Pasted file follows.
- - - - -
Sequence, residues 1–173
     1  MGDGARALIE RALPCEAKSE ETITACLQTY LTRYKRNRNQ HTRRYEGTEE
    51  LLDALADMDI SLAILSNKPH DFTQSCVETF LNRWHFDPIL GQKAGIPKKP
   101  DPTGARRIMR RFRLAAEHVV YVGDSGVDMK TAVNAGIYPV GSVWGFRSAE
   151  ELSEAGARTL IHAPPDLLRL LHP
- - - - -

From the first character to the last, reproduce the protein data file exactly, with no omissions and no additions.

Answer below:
Sequence, residues 1–173
     1  MGDGARALIE RALPCEAKSE ETITACLQTY LTRYKRNRNQ HTRRYEGTEE
    51  LLDALADMDI SLAILSNKPH DFTQSCVETF LNRWHFDPIL GQKAGIPKKP
   101  DPTGARRIMR RFRLAAEHVV YVGDSGVDMK TAVNAGIYPV GSVWGFRSAE
   151  ELSEAGARTL IHAPPDLLRL LHP